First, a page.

by Alex Poletti
Photo by ELIZABETH FLORES/STAR TRIBUNE
Following a heartbreaking loss to the Minnesota Vikings, 40-year-old New Orleans Saints quarterback Drew Brees commended his opponents for their effort to the other people in the common area of his retirement home.
“What can I say, it was a hard-fought football game,” the all-time touchdown leader tells a few World War II veterans trying to watch a Jimmy Stewart film. “They just made more plays than we did, and at the end of the day, that’s all that matters.”
Brees performed well enough against the victorious Vikings in the Superdome, accruing 208 passing yards and a touchdown against one interception. It wasn’t enough to power past a rejuvenated Dalvin Cook and a surprisingly good performance from postseason Kirk Cousins.
“They really brought their A-game today,” the third oldest player in the NFL says, wandering into the memory care unit. “Kirk was firing on all cylinders. It’s hard to beat that team when they have it all going at once. I’d tell you more about it, but I don’t want to miss water aerobics.”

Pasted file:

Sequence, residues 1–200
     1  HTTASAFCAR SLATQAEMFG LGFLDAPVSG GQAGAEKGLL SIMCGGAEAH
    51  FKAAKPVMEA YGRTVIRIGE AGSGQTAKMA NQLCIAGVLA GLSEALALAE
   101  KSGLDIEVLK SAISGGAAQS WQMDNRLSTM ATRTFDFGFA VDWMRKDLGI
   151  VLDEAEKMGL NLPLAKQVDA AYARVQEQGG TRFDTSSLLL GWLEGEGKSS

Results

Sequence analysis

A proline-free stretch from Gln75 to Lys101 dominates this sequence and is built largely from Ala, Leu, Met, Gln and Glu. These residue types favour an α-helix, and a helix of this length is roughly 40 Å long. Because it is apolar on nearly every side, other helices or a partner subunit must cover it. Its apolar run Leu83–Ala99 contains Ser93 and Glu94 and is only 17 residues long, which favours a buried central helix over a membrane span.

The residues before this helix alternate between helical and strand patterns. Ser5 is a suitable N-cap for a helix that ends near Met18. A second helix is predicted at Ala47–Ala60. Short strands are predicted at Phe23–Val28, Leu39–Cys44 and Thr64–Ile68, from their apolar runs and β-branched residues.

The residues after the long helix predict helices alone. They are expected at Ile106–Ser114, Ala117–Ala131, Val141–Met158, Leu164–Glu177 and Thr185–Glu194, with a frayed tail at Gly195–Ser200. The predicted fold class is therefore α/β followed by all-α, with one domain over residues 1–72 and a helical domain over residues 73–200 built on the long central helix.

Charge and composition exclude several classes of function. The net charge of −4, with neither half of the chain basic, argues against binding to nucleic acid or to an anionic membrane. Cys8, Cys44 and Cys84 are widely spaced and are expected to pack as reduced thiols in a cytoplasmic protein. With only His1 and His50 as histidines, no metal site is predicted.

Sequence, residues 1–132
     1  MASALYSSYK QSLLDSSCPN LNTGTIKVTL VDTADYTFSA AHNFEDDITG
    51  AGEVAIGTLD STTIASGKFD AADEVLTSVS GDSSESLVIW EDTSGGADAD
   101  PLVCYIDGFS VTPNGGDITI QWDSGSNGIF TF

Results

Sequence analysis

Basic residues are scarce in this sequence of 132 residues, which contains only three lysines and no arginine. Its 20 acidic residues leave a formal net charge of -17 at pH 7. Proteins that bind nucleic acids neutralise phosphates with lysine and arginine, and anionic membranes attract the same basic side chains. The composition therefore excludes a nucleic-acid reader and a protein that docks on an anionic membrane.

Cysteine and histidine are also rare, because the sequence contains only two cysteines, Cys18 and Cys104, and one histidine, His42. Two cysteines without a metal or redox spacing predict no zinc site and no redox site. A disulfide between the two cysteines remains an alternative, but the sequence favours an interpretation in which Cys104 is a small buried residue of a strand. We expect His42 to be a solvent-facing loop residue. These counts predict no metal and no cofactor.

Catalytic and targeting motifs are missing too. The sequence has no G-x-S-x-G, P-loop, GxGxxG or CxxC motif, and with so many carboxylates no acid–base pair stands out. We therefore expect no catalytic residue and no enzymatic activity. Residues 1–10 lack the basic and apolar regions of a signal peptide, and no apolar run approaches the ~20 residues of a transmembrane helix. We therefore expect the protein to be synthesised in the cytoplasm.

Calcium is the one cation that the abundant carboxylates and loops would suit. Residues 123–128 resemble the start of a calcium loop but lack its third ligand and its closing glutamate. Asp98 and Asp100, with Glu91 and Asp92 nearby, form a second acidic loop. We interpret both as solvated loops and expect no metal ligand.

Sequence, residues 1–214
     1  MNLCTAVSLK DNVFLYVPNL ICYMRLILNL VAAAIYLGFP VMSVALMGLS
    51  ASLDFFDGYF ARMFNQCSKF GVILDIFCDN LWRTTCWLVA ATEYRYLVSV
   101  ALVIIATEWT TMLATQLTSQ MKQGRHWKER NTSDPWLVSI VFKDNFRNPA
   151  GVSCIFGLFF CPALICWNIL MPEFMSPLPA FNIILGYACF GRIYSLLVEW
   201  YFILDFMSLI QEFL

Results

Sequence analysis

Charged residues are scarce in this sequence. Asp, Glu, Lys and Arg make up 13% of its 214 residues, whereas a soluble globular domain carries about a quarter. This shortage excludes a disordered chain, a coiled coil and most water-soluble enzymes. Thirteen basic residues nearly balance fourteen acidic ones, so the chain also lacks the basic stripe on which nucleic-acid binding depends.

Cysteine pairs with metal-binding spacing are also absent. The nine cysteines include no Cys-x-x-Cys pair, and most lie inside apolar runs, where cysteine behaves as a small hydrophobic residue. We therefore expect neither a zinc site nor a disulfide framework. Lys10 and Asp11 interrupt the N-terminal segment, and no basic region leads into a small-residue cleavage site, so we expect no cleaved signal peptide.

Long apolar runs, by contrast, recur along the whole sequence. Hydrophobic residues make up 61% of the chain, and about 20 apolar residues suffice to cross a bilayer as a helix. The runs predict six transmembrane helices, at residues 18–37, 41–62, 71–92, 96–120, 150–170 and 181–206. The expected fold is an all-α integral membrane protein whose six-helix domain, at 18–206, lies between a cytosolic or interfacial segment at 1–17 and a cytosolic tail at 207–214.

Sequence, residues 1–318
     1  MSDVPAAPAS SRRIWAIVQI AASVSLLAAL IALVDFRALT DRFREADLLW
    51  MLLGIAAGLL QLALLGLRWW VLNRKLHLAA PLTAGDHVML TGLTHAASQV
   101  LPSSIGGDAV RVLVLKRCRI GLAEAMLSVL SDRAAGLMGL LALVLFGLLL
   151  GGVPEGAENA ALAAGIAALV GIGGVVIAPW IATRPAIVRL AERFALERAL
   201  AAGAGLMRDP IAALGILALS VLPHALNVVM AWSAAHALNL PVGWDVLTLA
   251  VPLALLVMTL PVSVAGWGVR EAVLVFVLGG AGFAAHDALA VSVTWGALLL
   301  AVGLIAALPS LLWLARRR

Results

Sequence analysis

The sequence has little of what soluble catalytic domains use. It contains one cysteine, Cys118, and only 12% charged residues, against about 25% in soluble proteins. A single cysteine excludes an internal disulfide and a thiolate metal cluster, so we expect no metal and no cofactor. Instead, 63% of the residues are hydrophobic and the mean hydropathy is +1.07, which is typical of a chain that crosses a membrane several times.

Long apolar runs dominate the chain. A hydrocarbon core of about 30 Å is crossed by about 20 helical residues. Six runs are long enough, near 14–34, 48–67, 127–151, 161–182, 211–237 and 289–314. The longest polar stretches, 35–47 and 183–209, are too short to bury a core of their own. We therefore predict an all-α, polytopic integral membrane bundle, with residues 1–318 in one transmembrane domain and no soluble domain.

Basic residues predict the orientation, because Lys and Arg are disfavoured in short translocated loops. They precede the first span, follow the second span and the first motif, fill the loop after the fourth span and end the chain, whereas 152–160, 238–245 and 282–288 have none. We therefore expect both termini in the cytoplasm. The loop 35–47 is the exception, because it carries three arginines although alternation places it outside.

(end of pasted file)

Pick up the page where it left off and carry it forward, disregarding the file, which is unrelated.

This loss was especially tough for Brees, who is nearing the end of his career. While he has made no official announcement yet, retirement speculation has already started for the 40-year-old signal caller. Still, age is getting the better of him, as he recently turned in his million-dollar New Orleans house for a nice room at a New Orleans retirement community.
“It’s a really hard loss, I have to admit,” Brees, who hears people say “OK, Boomer,” to him on a regular basis, tells his waiter in the dining area. “By the way, sir, this cream of mushroom soup is far too hot.”
Brees has had one of the finest careers of any quarterback in the history of the sport, recently passing Peyton Manning as the all-time passing touchdown leader, having already passed the former Colt in passing yards. Despite his success, he only has one Super Bowl win to his name.
“I’d love to win another before I retire,” Brees says from his chaise lounge, now apparently speaking to the wall while trying to figure out how the new-fangled TV works. “You know, back in my day we had to play Super Bowls in the snow. And the field was slanted uphill both ways!”